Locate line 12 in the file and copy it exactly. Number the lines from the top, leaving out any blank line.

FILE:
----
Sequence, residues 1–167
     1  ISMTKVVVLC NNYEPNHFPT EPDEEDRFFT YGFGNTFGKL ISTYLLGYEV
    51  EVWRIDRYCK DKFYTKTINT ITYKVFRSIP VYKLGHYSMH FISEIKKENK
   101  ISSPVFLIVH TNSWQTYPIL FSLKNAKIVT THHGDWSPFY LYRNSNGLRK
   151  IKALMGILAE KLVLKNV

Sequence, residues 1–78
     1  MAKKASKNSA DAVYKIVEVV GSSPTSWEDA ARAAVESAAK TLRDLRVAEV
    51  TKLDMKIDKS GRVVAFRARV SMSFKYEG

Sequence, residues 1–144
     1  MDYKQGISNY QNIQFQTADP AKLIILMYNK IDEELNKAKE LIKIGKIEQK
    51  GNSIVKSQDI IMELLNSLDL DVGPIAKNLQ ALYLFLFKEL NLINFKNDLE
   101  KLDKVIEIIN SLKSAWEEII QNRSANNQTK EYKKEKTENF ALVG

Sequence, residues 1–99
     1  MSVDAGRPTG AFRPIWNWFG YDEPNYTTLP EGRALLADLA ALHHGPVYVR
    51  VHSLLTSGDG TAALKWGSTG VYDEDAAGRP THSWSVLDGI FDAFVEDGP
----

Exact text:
   101  KLDKVIEIIN SLKSAWEEII QNRSANNQTK EYKKEKTENF ALVG